Transatlantic intelligence cooperation played a key role in collecting and analyzing information during the Cold War, and the resulting intelligence product informed the decision-making process at the highest levels of government in Europe as well as in the United States. The need for intelligence cooperation has become even more urgent after 9/11, as nations on both sides of the Atlantic are facing terrorist threats, and are confronting a host of other challenges posed by non-state actors, such as arms and drug trafficking as well as organized crime.
The conference will review the origins of the transatlantic intelligence partnership during the immediate postwar years and its evolution during the Cold War. It will explore the mechanisms for intelligence exchange between individual agencies as well as the ad hoc and informal interactions between members of intelligence organizations. In addition, papers will examine the causes and consequences of frictions in this intelligence partnership that have occurred over the past decades. While some conflicts were due to continued compartmentalization of national intelligence organizations, others resulted from often conflicting bilateral or multilateral agreements and from an unequal relationship between individual agencies.
The conference, jointly convened by the International Intelligence History Association, the History & Public Policy Program of the Woodrow Wilson Center, and the German Historical Institute, will be held at the Woodrow Wilson Center and at the German Historical Institute, Washington, D.C., (March 30-April 1, 2017). The conference theme is broadly conceived and will provide for a wide range of discussions and a variety of papers relating to intelligence and international relations. It seeks to encompass past, current, and future developments, as well as analyses and trends in intelligence research.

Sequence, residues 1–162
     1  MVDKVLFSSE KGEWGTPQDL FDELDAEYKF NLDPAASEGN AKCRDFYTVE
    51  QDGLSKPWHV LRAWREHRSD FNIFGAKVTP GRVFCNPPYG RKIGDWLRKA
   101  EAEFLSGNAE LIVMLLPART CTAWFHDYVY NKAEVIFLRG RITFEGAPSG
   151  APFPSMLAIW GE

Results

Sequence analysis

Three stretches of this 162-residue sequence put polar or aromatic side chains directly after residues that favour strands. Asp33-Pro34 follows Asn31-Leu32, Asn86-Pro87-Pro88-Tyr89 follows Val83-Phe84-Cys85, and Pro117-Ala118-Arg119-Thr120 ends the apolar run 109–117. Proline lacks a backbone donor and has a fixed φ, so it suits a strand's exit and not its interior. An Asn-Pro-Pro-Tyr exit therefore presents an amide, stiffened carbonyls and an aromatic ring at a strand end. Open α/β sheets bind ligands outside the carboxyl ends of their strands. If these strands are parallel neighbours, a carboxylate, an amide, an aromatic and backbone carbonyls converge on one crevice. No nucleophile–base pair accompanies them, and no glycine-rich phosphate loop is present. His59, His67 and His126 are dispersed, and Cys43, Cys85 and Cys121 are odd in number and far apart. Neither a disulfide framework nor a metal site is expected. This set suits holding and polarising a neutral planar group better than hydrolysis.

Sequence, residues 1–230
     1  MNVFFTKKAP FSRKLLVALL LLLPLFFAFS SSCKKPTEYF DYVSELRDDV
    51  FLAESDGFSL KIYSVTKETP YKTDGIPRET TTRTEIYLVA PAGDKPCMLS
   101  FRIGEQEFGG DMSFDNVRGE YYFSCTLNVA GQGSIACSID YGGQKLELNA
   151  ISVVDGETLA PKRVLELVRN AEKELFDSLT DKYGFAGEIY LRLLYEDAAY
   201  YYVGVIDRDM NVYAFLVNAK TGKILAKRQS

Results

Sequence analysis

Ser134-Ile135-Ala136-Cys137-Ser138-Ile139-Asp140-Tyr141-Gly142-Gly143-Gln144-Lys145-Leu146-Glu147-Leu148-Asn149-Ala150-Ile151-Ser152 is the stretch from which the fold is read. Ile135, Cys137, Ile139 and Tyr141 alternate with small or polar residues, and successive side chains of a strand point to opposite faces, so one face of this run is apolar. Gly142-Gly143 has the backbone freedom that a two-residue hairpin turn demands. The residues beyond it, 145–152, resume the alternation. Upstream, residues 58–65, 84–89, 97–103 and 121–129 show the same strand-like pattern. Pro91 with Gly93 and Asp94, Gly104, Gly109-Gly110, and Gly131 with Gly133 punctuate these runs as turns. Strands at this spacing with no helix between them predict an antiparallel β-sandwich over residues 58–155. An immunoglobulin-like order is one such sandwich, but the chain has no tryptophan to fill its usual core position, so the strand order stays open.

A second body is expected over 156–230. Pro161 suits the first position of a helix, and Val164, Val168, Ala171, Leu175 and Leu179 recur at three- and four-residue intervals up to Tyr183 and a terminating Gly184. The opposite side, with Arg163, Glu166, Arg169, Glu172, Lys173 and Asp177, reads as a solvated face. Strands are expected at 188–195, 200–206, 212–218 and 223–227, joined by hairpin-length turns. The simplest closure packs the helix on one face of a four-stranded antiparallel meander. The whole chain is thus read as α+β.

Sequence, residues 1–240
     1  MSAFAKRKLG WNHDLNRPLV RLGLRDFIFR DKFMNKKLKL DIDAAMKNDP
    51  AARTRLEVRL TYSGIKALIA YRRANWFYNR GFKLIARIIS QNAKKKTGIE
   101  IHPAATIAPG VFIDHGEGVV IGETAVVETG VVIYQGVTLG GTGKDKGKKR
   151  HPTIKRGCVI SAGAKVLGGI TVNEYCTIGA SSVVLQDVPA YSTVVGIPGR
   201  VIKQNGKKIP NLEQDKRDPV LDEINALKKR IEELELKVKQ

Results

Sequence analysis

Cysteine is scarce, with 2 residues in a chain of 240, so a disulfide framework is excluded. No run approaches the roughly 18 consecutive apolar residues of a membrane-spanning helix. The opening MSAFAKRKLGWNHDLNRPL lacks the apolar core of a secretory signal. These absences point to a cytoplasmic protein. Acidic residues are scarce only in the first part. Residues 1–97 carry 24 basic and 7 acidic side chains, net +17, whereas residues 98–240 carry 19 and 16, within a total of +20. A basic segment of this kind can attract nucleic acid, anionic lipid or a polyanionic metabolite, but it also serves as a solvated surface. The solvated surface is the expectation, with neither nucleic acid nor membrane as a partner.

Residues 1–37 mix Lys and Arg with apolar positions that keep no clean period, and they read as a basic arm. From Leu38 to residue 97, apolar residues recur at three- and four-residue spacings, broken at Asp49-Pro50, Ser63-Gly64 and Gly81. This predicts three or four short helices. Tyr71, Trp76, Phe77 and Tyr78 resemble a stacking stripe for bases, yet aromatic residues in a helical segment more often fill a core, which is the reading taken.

Due to the complexity of its subject, the study of intelligence draws on a number of disciplines, including history, security and intelligence studies, political science, sociology, physics, engineering, and mathematics. We invite proposals from all fields of academic inquiry, exploring any organizational or operational aspect of intelligence services. While the transatlantic intelligence relationship after 1945 constitutes the main focus of the conference, proposals addressing intelligence issues outside these temporal and geographical boundaries will be considered as well.
We encourage paper proposals from young researchers and doctoral students as well as from established scholars and former practitioners.
Please submit your paper proposal abstract of 150-300 words and a short CV by email to the IIHA Executive Director Anna Abelmann at: exec_director[a]intelligence-history.org.
The deadline for submissions is June 30, 2016.
Acceptance notifications will be sent out in late July.
Conference presenters are encouraged to submit their revised paper in the form of an article to the Association’s Journal of Intelligence History within two months after the conference.